On 4 May 2004, Sven Neumann wrote:
> "Branko Collin" <[EMAIL PROTECTED]> writes:
> > By abbreviating 'Scale Y:' to 'Y:', you are forcing the user to make
> > an extra mental transaction, namely to first read the 'Scale X:'
> > label, which only is partially related to what the 'Scale Y:' control
> > does.
> It works the other way around. If Scale is duplicated the user first
> need to recognize that both controls have the same label. She needs to
> read both labels and realize that they are the same. With the current
> layout the group of controls is labelled "Scale" and then there's an
> "X" and an "Y" label for the individual controls.
Fortunately, the human visual system has excellent pattern detection
hardware, and so that's not much of a challenge. That is why so much gimp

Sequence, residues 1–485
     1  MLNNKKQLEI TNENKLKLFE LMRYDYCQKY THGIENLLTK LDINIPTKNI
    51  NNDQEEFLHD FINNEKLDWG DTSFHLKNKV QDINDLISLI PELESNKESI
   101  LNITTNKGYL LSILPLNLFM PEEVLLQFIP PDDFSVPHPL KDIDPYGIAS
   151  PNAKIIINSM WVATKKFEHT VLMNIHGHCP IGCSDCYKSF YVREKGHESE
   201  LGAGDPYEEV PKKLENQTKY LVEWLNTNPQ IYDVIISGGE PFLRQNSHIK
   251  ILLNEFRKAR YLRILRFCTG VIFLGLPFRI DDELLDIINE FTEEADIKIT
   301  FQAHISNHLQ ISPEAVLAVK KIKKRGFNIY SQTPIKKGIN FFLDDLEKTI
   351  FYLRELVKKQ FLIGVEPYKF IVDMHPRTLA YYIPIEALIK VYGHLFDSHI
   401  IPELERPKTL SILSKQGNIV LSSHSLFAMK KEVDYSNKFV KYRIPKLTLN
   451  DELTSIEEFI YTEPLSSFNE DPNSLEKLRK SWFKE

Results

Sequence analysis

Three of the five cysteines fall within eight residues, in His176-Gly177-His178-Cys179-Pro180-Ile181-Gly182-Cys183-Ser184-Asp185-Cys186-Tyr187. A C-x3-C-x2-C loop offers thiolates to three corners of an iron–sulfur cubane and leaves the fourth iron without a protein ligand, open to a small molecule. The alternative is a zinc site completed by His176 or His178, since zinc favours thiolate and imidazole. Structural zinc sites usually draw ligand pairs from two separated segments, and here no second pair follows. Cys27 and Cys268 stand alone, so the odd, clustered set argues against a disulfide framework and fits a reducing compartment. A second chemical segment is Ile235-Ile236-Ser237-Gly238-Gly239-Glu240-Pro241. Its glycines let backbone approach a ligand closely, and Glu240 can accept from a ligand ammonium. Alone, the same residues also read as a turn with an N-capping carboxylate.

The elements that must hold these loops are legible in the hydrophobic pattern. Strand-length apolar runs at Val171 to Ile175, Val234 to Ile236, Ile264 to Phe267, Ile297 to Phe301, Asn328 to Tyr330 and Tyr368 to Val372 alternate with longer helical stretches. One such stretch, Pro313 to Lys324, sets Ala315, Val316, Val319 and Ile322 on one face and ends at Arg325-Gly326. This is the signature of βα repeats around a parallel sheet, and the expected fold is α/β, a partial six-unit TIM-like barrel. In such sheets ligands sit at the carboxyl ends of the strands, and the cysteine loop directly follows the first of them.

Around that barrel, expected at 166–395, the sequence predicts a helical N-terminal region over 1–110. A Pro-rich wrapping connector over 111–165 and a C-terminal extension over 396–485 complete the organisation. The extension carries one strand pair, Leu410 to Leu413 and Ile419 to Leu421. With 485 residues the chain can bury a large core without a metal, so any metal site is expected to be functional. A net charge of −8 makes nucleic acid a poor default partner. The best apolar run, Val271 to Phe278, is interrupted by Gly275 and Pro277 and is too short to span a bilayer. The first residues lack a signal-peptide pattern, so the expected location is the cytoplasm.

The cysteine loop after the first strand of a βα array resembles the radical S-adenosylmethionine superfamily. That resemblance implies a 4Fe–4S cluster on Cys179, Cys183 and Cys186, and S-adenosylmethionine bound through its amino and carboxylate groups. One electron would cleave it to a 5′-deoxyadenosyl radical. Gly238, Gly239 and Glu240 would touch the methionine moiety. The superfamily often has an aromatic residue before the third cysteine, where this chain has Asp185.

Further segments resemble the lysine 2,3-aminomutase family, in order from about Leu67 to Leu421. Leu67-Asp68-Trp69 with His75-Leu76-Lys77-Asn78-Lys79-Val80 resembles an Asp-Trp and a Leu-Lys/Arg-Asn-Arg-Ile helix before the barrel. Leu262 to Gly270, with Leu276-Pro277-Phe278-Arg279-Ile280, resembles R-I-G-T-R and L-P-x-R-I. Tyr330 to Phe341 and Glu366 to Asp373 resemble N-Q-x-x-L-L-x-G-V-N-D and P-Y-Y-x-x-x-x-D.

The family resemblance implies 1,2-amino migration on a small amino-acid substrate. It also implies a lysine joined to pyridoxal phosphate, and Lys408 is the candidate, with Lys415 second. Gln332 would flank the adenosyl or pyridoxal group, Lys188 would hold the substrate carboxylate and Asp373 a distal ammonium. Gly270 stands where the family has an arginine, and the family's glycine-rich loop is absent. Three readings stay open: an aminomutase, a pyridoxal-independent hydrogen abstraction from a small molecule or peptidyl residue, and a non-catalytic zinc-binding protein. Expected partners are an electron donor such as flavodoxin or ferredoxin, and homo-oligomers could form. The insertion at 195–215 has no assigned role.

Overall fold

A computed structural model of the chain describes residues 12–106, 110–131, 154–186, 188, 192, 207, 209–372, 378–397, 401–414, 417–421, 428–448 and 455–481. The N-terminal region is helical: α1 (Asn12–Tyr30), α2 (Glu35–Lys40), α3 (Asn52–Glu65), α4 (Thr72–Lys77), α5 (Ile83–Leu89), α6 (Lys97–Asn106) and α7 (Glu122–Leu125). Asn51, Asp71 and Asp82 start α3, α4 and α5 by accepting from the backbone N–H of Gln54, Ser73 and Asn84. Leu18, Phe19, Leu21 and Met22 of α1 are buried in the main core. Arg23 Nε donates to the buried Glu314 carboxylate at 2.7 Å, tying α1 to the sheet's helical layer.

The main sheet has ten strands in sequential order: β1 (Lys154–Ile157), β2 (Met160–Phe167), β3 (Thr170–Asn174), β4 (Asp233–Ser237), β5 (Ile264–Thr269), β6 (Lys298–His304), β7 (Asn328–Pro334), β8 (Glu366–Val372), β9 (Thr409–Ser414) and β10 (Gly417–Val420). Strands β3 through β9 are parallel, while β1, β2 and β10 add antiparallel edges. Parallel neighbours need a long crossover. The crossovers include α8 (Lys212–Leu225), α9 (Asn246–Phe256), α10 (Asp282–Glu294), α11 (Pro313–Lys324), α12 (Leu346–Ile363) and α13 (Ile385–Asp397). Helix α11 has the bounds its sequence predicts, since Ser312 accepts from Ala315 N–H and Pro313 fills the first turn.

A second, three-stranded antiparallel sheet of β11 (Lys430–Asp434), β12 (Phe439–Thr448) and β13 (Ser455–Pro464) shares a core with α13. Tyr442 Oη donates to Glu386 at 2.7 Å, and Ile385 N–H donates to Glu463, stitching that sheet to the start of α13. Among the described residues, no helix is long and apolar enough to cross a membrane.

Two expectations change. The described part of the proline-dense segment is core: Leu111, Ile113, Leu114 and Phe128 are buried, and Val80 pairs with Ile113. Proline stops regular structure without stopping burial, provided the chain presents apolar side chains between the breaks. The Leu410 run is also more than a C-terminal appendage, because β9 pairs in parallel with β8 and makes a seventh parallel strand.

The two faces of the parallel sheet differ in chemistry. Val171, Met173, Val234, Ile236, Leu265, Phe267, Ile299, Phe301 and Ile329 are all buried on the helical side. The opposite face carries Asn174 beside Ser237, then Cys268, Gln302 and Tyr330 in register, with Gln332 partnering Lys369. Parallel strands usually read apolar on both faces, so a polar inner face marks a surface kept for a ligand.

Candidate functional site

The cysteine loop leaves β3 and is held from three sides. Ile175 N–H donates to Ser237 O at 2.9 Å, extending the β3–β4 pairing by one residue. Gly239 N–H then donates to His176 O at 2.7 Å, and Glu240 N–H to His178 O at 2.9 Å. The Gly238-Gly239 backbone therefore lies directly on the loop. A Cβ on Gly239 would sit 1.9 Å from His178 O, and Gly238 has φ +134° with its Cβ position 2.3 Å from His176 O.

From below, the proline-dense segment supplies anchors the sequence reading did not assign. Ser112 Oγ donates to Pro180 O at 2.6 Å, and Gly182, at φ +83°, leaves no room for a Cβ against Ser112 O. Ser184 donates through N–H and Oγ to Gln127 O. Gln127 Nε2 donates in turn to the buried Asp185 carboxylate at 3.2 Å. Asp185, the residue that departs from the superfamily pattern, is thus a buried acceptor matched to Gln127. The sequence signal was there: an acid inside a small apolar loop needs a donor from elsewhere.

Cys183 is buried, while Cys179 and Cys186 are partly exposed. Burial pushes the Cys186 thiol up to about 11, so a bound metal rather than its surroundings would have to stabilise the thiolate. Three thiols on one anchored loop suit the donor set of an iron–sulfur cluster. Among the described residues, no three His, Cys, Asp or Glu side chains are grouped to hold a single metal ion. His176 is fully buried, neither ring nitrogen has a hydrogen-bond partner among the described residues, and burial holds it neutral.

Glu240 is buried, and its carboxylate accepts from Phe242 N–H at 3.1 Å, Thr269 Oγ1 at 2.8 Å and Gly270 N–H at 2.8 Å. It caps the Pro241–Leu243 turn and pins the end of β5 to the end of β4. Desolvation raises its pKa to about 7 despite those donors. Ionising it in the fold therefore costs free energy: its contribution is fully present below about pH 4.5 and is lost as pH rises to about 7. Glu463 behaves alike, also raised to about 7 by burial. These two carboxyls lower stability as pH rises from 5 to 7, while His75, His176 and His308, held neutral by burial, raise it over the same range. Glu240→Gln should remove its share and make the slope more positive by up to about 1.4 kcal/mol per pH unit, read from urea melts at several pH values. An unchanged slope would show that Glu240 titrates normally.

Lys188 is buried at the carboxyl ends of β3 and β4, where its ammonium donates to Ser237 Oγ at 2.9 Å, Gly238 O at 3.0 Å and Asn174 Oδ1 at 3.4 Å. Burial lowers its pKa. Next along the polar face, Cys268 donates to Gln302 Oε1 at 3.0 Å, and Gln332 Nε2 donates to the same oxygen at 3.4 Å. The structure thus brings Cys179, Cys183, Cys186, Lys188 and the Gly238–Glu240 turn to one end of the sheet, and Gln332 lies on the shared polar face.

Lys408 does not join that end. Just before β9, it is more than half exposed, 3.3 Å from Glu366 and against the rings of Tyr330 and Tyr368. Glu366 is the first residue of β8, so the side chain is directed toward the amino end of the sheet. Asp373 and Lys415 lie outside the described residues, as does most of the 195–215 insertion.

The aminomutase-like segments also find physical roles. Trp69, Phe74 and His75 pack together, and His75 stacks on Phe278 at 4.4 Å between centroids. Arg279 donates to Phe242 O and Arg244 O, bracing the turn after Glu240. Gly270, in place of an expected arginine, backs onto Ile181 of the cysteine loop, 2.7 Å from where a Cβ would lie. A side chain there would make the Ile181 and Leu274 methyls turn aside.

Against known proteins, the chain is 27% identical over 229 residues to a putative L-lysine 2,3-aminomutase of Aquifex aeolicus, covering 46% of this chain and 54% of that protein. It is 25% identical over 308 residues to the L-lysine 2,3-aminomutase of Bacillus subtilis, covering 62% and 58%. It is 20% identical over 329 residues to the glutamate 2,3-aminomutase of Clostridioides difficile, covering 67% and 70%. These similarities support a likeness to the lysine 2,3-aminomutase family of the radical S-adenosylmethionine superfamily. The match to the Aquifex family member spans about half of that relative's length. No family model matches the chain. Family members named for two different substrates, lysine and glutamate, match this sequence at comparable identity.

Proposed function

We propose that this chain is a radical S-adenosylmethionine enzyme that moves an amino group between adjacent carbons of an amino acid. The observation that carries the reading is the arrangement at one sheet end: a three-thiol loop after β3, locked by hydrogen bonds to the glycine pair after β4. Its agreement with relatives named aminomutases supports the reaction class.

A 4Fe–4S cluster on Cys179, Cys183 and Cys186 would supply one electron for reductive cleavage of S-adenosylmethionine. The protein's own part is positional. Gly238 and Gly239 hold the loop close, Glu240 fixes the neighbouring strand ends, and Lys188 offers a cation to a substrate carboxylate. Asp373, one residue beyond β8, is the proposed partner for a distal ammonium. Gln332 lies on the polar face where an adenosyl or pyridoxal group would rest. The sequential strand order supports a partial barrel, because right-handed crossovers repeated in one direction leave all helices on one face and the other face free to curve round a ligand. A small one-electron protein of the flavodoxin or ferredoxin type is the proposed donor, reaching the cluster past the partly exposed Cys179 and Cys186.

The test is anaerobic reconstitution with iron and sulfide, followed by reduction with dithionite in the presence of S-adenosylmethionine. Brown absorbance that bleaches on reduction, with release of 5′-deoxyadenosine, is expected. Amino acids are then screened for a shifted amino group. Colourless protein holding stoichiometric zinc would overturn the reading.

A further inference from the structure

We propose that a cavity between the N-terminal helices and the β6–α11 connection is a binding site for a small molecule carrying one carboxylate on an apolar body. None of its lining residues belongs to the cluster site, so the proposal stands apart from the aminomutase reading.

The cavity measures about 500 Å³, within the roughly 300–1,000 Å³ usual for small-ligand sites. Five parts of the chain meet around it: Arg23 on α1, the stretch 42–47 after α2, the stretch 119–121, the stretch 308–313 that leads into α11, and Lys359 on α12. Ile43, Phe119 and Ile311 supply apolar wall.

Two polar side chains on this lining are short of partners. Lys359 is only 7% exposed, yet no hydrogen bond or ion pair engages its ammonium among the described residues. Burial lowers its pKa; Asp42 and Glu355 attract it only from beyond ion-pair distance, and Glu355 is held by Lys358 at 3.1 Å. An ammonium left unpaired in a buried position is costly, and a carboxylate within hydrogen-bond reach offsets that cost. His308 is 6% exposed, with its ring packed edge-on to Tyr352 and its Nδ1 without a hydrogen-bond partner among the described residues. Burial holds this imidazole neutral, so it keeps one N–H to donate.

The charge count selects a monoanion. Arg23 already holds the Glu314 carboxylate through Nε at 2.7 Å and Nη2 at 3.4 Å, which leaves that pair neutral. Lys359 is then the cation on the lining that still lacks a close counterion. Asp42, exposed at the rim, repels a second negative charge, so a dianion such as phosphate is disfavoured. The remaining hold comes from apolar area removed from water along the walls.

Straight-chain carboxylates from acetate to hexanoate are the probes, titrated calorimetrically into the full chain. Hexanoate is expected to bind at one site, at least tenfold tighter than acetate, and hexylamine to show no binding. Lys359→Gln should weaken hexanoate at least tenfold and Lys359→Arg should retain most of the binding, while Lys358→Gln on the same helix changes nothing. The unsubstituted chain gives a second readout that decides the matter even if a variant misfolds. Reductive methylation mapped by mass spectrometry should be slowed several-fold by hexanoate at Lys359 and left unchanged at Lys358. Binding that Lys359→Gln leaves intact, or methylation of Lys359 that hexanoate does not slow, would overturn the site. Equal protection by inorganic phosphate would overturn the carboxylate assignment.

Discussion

code is written in the style of:
GimpFoo *foo = gimp_foo_new (bar);
GimpFoo *quux = gimp_foo_new (baz);
int cnt = gimp_foo_count (foo, bar);
So that similar things are lined up, easing the task of comparing and
contrasting the three lines. The similar words are actually noticed in
an earlier stage of processing than the actual charactor recognition and
In fact, it takes less work to use the visual similarity in the
consistantly labeled example as a clue that the two entry controls are
related than it does to use the visual disimilarity in the inconsistantly
labeled example as a clue that the two entry controls are related.
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